source: README @ 0109b01

Revision 0109b01, 3.0 KB checked in by Hal Finkel <hfinkel@…>, 7 years ago (diff)

note --leaks in the README

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1memlog - A Memory-Allocation Logging Tool
2
3This tool attempts to help you answer the question:
4  Why is my application using so much memory?
5
6** LINKING **
7
8How to use it depends on how your application is linked:
9
10For dynamically-linked applications, you can:
11
12 1. Use LD_PRELOAD: Set LD_PRELOAD=/path/to/memlog/libmemlog.so when you run
13    your application.
14
15 2. Link directly: Add the following to your linker flags:
16      -L/path/to/memlog -Wl,-rpath,/path/to/memlog -lmemlog
17
18For statically-linked applications, add the following to your linker flags:
19
20  -Wl,--wrap,malloc,--wrap,free,--wrap,realloc,--wrap,calloc,--wrap,memalign \
21    /path/to/memlog/memlog_s.o -lpthread -ldl
22
23** RUNNING **
24
25When your application runs, you should find in your current directory files
26named 'HOST.PID.memlog', one for each process. These contain the raw tracing
27information, and are only somewhat human readable. You can create a ps/pdf
28file detailing the memory allocated when each process reached its peak memory
29use by running:
30
31  /path/to/memlog/memlog_analyze /path/to/HOST.PID.memlog
32
33this will generate files named HOST.PID.memlog.dot, HOST.PID.memlog.ps and
34HOST.PID.memlog.pdf. You'll probably find the pdf file most convenient for
35viewing. HOST.PID.memlog.txt is also generated, providing the same information
36in textual form.
37
38If you pass the --leaks option to memlog_analyze, it will provide data on
39allocations active at the end of the program (leaks) instead of those active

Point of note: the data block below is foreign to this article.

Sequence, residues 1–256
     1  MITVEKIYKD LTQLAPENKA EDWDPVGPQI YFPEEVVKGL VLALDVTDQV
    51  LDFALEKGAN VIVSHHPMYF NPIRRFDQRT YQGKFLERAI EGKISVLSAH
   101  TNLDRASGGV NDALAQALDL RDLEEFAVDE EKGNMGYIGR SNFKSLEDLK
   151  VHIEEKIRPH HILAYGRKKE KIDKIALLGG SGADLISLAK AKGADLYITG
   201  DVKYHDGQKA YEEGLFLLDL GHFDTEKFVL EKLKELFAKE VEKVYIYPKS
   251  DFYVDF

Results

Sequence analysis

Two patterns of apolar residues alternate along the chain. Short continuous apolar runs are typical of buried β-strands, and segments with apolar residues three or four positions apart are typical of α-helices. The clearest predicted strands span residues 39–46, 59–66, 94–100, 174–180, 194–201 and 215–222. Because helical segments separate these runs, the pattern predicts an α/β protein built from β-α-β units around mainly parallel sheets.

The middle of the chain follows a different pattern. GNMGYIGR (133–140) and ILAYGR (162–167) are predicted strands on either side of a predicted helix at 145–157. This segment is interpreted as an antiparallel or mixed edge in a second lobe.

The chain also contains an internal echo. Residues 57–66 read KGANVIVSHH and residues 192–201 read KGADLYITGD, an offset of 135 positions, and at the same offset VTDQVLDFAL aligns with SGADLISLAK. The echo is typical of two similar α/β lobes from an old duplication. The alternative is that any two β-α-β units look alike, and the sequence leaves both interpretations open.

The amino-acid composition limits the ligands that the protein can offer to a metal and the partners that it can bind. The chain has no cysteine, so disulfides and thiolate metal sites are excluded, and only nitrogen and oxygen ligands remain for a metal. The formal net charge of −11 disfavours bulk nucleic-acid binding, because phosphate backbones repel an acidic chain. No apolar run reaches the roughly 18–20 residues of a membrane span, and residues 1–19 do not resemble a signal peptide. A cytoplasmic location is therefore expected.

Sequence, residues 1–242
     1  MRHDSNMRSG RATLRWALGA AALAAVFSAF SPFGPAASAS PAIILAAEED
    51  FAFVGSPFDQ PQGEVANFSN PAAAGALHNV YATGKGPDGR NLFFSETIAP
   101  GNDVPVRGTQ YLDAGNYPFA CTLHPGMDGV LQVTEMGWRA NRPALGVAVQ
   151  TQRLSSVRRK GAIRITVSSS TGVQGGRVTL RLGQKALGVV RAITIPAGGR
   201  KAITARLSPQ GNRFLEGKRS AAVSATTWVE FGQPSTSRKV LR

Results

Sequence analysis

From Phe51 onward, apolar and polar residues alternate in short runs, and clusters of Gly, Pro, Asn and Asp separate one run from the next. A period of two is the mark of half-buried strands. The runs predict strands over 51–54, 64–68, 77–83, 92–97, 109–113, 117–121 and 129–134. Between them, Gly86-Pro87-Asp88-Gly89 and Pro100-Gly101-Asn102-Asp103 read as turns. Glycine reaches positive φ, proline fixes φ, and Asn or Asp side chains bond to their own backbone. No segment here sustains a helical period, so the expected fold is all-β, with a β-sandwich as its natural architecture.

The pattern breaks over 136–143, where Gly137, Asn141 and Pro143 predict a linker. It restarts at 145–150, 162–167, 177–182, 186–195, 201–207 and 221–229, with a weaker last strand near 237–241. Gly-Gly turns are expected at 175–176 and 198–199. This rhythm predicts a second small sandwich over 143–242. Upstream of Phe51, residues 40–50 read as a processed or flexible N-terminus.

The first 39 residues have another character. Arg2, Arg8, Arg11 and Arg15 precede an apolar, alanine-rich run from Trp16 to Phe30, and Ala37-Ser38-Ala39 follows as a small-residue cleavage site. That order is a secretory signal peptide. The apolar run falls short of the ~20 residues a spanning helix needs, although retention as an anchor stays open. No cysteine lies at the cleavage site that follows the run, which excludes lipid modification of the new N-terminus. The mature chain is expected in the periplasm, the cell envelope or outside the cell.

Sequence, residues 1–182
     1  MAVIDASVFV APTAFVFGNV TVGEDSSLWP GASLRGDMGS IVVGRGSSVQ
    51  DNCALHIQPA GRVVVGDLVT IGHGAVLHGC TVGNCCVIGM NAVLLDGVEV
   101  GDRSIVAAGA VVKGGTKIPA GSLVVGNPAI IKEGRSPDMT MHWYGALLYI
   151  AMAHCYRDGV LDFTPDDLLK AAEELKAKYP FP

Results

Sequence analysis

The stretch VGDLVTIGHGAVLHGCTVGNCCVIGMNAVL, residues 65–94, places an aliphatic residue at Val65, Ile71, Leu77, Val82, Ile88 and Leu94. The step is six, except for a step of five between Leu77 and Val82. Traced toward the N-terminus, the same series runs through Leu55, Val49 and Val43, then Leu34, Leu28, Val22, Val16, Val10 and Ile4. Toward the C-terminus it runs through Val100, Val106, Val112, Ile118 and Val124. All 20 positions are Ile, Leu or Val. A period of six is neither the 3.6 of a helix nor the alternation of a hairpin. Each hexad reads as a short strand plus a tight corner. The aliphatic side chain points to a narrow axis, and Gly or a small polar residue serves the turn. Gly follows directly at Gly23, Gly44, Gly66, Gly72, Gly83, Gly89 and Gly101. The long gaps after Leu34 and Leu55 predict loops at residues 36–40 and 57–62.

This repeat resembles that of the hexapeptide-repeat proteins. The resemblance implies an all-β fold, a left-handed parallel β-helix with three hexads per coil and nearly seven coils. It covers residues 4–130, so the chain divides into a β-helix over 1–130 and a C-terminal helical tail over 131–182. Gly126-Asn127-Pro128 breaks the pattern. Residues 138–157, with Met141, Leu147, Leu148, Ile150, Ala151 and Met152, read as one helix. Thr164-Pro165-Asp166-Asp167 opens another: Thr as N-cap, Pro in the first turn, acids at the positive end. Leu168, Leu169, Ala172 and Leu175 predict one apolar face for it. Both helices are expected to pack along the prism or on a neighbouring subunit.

40when the peak memory usage is first reached.
41
42When running under common batch systems, the files are named
43JOB_ID.HOST.PID.memlog, and when running under the BG/Q CNK, the process's rank
44is used instead of the node-local PID.
45
46Note that te peak memory usage is determined by monitoring the processes's
47maximum resident set size, not just the total allocated heap memory.
48
49memlog_analyze depends on dot (from the graphviz package) and ps2pdf (from the
50ghostscript package), plus various tools from the binutils package.
51
52** RELATED WORK **
53
54Why was memlog created? There are several other tools that can support this use
55case, but none of them would work in our environment properly. They were
56either too slow, not runnable under the BG/Q CNK, not thread safe, did not
57properly support big-endian PPC64, supported only either static or dynamic
58linking, did not collect full backtraces, or just did not produce
59sufficiently-informative peak-usage output.
60
61That having been said, some other tools that might interest you:
62  Valgrind Massif - http://valgrind.org/docs/manual/ms-manual.html
63  Google Performance Tools - http://google-perftools.googlecode.com/svn/trunk/doc/heapprofile.html
64  memtrail - https://github.com/jrfonseca/memtrail
65  LeakTracer - http://www.andreasen.org/LeakTracer/
66  glibc mtrace - http://www.gnu.org/s/hello/manual/libc/Allocation-Debugging.html
67  Heaptrack - http://milianw.de/blog/heaptrack-a-heap-memory-profiler-for-linux
68  MemProf - http://www.secretlabs.de/projects/memprof/
69
70The dot/pdf output produced by memlog was definitely inspired by that produced
71by Google's pprof tool in the aforementioned package.
72
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